In 2074, when the mob wants to get rid of someone, the target is sent into the past, where a hired gun awaits - someone like Joe - who one day learns the mob wants to 'close the loop' by sending back Joe's future self for assassination.
In the year 2054 A.D. crime is virtually eliminated from Washington D.C. thanks to an elite law enforcing squad "Precrime". They use three gifted humans (called "Pre-Cogs") with special powers to see into the future and predict crimes beforehand. John Anderton heads Precrime and believes the system's flawlessness steadfastly. However one day the Pre-Cogs predict that Anderton will commit a murder himself in the next 36 hours. Worse, Anderton doesn't even know the victim. He decides to get to the mystery's core by finding out the 'minority report' which means the prediction of the female Pre-Cog Agatha that "might" tell a different story and prove Anderton innocent. Written by
Steven Spielberg: [trademark recognition] A commuter on the train looks at John Anderton over the top of his newspaper and recognizes him. This is similar to the commuters who recognized James Donovan on the train in "Bridge of Spies", some looking over the top of their newspapers at him, some glancing up from their newspapers. See more »
The year when the PreCrime program started, is referenced variously as 2045, 2046, and 2048 by the different characters. See more »
The cast list during the closing credits is divided into the following categories: Pre-Crime, FBI, Pre-Cog Chamber, The Greenhouse, Department of Containment, Pre-Crime Witenesses, Anderton's Family, Victims & Killers, The Mall, The Chase, Operating Room & Tenement Bldg., The Ballroom, And (miscellaneous cast members), Commercials, & Stunts See more »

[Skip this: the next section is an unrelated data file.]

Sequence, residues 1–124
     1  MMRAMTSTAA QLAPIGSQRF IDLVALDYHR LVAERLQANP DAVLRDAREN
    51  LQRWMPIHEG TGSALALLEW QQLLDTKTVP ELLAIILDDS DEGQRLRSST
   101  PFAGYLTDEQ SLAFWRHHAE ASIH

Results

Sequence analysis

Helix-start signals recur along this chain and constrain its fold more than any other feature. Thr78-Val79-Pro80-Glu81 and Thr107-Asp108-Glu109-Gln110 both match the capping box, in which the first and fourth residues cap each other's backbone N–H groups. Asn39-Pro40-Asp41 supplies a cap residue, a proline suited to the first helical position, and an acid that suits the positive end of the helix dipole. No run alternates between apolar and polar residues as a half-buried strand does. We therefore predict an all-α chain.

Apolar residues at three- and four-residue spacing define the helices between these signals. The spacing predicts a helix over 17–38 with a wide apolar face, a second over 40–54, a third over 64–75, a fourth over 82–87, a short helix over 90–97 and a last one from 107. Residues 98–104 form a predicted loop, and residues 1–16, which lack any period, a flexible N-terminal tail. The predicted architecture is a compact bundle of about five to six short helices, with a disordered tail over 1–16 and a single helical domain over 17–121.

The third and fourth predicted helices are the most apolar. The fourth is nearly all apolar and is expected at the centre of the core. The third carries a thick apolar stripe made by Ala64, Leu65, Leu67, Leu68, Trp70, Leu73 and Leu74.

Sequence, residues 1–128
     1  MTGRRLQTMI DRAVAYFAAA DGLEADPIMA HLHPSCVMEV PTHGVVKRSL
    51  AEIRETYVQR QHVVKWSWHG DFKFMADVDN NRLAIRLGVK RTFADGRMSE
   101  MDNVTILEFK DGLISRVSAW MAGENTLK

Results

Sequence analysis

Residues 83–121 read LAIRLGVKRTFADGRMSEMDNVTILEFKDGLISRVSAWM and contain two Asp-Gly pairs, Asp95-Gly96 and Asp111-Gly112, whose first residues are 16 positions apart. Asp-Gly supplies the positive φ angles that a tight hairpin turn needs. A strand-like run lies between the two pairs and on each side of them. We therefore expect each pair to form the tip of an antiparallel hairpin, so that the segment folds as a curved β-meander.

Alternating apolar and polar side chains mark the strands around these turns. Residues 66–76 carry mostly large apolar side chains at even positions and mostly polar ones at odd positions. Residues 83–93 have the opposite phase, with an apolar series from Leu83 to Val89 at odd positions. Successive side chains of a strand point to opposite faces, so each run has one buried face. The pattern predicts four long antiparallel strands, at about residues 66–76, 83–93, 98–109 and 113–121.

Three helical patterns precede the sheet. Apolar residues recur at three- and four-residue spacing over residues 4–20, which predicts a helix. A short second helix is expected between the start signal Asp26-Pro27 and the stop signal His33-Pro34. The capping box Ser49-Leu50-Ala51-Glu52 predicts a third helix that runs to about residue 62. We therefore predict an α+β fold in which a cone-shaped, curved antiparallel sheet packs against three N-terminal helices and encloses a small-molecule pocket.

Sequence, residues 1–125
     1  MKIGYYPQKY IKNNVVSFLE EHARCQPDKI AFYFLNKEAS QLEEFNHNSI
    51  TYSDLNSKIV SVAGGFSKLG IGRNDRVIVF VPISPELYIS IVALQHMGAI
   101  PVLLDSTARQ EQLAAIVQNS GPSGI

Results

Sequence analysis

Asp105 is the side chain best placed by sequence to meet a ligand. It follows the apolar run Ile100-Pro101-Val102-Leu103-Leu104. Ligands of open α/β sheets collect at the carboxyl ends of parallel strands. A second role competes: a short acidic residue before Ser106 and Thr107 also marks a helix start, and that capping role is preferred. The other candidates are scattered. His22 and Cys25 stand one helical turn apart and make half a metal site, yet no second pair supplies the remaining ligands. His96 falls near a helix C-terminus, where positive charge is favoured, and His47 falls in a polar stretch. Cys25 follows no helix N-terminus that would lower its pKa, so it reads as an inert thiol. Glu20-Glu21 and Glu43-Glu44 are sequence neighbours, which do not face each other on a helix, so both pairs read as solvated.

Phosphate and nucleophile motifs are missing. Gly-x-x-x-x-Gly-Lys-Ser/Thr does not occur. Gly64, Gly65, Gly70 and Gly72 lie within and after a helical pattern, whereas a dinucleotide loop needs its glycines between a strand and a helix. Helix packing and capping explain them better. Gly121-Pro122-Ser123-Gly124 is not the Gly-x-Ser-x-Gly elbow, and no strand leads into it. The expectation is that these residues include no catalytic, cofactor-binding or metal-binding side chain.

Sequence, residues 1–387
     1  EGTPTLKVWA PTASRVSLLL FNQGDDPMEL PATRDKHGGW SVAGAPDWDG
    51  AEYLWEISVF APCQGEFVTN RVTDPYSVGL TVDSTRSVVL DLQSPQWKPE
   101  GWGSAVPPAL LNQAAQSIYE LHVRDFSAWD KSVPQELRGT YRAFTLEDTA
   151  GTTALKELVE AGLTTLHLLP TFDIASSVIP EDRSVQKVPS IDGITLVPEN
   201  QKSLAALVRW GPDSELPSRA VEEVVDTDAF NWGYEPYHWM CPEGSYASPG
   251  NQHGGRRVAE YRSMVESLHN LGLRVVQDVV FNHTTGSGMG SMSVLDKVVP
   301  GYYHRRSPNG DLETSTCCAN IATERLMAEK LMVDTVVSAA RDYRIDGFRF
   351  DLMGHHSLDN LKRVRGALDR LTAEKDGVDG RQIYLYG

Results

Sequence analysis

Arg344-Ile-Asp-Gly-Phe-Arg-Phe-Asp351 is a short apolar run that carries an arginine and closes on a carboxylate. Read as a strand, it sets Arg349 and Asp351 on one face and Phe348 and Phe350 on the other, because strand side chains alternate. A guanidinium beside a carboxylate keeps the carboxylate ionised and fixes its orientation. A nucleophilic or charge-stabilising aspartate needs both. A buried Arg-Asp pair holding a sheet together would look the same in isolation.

Before they joined forces to give sci-fi fans their hugely disappointing version of War Of The Worlds, Spielberg and Cruise worked together on Minority Report, a near-future tale based on a short story by Philip K. Dick in which violent crimes can be predicted and prevented from occurring, the perpetrator intercepted before they can carry out the deed. Star Cruise plays pre-crime cop John Anderton, who finds himself on the run after it is predicted that he himself will commit a murder.
The good news is that Minority Report is a lot more enjoyable than the duo's H.G.Wells debacle, with an engrossing murder mystery plot, lots of great visuals, excellent production design, and some well executed and extremely fun action set-pieces, all of which help detract from the story's inevitable paradoxical issues and Spielberg's occasional, frustratingly unrestrained direction (Cruise leaping from car roof to car roof on a towering vertical road stretches plausibility a bit too far, but at least it's not 'nuke the fridge' bad).
7.5 out of 10, rounded up to 8 for the 'sick stick' a police baton that makes the victim projectile vomit.
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